Two years later, when the father and uncle started off again, they took young Marco with them. They sailed from Venice to Acre; but nothing is related of their journey except that they travelled towards the north-east and north, till, after three and a half years, they reached the city of the Great Khan, who was at his summer home among the hills to the north of Pekin. The great man, "Lord of all the Earth," as he was called, was very glad to see them, and asked at once who was the young man with them.
"Sire," answered his father, " 'tis my son, and your liegeman."
"Welcome is he too," said the Great Khan.
Marco soon picked up the language and customs of the Chinese, and became a great favourite at this strange foreign court. Once the Great Khan sent him on a journey—"a good six months' journey distant." Marco returned safely; and so ably did he state all he had seen and heard that the Great Khan cried, "If this young man live, he will become a person of great worth and ability."
For seventeen years the three Polos stayed in China, and Marco explored countries which to this day are hardly understood. He was the first traveller to cross Asia, describing kingdom after kingdom that he had seen with his own eyes. He was the first to explore the deserts and the flowering plains of Persia, to tell the Western world of China, with its mighty rivers, its multitudes of people, its huge cities and great manufactures. He first told us of Thibet, Burmah, Japan, Siberia, and the frozen ocean beyond. So the years passed on, the Great Khan was growing old, and the Venetians yearned for home; but whenever they hinted at leaving China, the Khan growled refusal.
At last their chance came. A relation of the Great Khan was King of Persia. He had lately lost his wife, and now sent to China for a wife of his own nationality. The Polos were chosen to take her to Persia, because they were hardy and adventurous, and the lady must be sent by sea to Persia.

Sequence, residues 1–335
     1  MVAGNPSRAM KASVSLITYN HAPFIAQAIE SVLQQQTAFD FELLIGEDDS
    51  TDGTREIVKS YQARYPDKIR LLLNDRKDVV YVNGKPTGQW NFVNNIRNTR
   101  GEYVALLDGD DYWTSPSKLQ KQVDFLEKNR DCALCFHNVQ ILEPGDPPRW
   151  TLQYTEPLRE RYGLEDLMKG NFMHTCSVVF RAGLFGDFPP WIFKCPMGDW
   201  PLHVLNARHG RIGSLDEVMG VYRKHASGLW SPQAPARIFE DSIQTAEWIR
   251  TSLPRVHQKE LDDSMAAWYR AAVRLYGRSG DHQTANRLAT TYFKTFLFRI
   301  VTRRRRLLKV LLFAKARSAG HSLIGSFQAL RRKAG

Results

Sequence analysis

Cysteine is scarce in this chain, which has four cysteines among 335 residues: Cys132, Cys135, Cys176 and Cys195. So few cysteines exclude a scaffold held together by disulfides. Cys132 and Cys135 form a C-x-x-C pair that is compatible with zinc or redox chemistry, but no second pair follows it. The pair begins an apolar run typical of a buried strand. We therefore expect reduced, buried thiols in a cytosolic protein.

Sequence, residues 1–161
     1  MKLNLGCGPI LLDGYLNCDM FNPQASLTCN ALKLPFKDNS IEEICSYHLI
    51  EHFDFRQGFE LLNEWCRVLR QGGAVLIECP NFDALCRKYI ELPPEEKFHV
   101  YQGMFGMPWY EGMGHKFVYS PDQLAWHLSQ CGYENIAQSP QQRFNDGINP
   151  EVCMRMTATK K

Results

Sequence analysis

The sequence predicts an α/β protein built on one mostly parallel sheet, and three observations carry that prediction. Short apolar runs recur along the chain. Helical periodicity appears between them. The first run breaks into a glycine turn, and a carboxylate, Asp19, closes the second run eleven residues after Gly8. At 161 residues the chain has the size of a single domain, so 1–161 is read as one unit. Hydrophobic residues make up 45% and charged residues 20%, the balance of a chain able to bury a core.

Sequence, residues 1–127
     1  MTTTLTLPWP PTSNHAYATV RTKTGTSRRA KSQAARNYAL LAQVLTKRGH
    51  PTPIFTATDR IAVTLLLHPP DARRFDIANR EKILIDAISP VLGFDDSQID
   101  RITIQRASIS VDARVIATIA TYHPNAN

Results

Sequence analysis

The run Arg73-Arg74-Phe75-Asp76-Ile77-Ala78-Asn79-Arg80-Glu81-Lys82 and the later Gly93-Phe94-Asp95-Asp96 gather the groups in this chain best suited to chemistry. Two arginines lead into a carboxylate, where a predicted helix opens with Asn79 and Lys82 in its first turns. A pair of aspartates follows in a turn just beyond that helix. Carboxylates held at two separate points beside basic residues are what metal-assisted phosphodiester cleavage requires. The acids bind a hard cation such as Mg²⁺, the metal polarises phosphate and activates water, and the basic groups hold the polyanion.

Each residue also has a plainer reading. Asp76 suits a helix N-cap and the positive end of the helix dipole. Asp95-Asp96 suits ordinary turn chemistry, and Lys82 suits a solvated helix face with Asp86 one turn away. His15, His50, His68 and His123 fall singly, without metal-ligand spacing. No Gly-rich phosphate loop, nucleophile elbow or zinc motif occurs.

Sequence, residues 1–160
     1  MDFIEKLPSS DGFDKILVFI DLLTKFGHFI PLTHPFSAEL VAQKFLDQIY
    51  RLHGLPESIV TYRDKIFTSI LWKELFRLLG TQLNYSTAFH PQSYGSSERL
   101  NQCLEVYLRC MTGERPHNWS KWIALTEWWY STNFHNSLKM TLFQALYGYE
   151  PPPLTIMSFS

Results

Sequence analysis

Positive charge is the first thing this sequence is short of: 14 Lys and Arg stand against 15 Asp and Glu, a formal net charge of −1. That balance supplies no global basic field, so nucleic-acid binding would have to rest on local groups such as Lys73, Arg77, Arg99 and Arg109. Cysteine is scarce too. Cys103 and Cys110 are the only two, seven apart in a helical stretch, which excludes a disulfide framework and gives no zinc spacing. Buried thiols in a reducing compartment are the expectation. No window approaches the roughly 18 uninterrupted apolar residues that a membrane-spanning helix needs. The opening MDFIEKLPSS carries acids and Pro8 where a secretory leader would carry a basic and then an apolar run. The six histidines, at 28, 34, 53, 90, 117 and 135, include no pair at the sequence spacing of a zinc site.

Fourteen ships were built by the Great Khan, each having four masts and able to carry nine sails, with some two hundred and fifty sailors in each. In these ships the Polos sailed away from China with the bride-elect on board. They took a sorrowful leave of the Great Khan, who gave them numbers of rubies and precious stones. After sailing for three months in the unknown China Sea they came to the island of Java, and after another eighteen months on the high seas they reached Persia, to find that the bridegroom was dead. But his son, the new king, married the lady without more ado, and the Venetians sailed on for home.
So one day, in the year 1295, three men appeared in the streets of Venice. They were dressed in Asiatic clothes and spoke with a foreign accent. It was therefore no great matter of surprise when they were refused admission to the family house of the Polos.
"We have been in the service of the Great Khan in China," they urged, but no one believed them.
So they invited a number of friends to a banquet prepared with great magnificence, and when the hour arrived for sitting down to table, all three came forth clothed in long crimson satin robes, after the fashion of the times. When the guests were seated, they took off these robes and put on others of crimson damask, whilst the first suits were cut up and divided among their servants. Soon after they again changed, this time to crimson velvet, while the damask robes were divided as before.
Dinner over, Marco rose, and fetched the three shabby garments in which they had arrived. With sharp knives they then slit up the seams, and from them took the most priceless jewels—rubies, diamonds, emeralds, and sapphires. So their astonished guests knew they spoke the truth, and all Venice came rushing to do them honour.
They stayed at home for a time, and then Marco Polo was made commander of a great and powerful galley to fight
against Venice's rival seaport, Genoa. He was taken prisoner and shut up in Genoa. Here Marco Polo wrote his
book of travels, which are interesting reading
"Great Princes, Emperors, and Kings," he says, "and people of all degrees who desire to get knowledge of the various races of mankind and of sundry regions of the world, take this book and cause it to be read to you."